Privatized housing priority for EFMP families
The Air Force is sensitive to the needs of families who require homes that can accommodate special accessibility requirements. EFMP families with a requirement for an accessible home would have priority over other members on the wait list when an accessible home is available. If, when the family first arrives at the installation, suitable homes aren’t available, the family may be placed on a waiting list until the privatized housing office can match them to an appropriate home that meets their specific needs.
Adequate special educational service for children
In the U.S., states are federally mandated to provide early intervention or special education services as they are outlined on an Individualized Family Service Plan or an Individual Education Program. If families are experiencing difficulties in obtaining early intervention or special education services as outlined on an IFSP or IEP, it is recommended they consult the school liaison officer at the A&FRC. Each state has a Parent Training and Information Center to assist any family with special education issues. For more information, click here. In addition, click here for information on the special military parent technical assistance center.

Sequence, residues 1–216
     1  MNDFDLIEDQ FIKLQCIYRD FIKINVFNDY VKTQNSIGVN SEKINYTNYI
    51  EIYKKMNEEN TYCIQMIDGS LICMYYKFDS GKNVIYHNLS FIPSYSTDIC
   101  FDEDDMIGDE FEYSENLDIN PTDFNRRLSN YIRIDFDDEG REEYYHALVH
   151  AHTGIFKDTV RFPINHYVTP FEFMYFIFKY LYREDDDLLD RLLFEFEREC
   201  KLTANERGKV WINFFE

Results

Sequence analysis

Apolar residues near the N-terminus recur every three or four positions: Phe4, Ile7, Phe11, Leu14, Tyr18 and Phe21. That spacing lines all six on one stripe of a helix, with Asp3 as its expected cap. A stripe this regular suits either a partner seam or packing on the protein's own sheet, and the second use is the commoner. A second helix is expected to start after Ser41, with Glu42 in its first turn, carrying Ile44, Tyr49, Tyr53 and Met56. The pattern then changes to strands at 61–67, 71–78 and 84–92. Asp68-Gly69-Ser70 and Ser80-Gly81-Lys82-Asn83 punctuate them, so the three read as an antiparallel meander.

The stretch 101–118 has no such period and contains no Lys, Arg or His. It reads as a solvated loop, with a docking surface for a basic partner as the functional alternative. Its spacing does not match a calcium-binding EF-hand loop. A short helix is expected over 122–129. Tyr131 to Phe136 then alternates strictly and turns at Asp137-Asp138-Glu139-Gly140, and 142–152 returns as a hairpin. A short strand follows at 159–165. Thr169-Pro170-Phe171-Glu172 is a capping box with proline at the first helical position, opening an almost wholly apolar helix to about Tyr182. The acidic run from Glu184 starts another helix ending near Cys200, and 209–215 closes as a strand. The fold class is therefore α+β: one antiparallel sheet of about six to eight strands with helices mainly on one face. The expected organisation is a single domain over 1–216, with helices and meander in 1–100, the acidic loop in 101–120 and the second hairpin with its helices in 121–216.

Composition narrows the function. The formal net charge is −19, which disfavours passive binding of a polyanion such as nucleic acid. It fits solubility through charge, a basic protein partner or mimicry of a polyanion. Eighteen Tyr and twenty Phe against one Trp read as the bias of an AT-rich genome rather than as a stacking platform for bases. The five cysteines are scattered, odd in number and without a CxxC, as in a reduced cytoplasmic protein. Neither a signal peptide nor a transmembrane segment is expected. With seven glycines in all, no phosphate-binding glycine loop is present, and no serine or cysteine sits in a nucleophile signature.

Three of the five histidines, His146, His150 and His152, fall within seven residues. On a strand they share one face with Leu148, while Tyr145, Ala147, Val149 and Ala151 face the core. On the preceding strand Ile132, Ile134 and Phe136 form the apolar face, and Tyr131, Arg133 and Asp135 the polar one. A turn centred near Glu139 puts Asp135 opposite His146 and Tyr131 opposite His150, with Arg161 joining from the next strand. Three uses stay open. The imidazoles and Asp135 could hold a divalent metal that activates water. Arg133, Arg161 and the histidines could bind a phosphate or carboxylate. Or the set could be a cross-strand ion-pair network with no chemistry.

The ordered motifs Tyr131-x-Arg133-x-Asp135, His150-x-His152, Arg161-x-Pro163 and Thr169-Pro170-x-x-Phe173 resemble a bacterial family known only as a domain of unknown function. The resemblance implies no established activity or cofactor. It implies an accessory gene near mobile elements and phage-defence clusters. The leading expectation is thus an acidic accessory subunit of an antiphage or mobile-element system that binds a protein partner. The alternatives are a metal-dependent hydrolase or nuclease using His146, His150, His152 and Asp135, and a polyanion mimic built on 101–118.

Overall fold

Lack of consistency in the Key Spouse Program
Commanders appoint key spouse volunteers and provide guidance and expectations for these volunteers in their units. The local A&FRC conducts Key Spouse training and ensures commanders, key spouses, and key spouse mentors receive standardized guidebooks for their respective roles. Additionally, the chief of staff of the Air Force sends a letter to commanders stating his support of the key spouse program.
To see all the topics discussed during the forum, visit the Secretary of the Air Force’s official Facebook page, and click on events. Still have questions? Participate in the Facebook Town Hall, hosted by James, Dec. 12, 2016, from 11-11:45 a.m. EST, where she will follow up on these topics and more.
By Staff Report, Secretary of the Air Force Public Affairs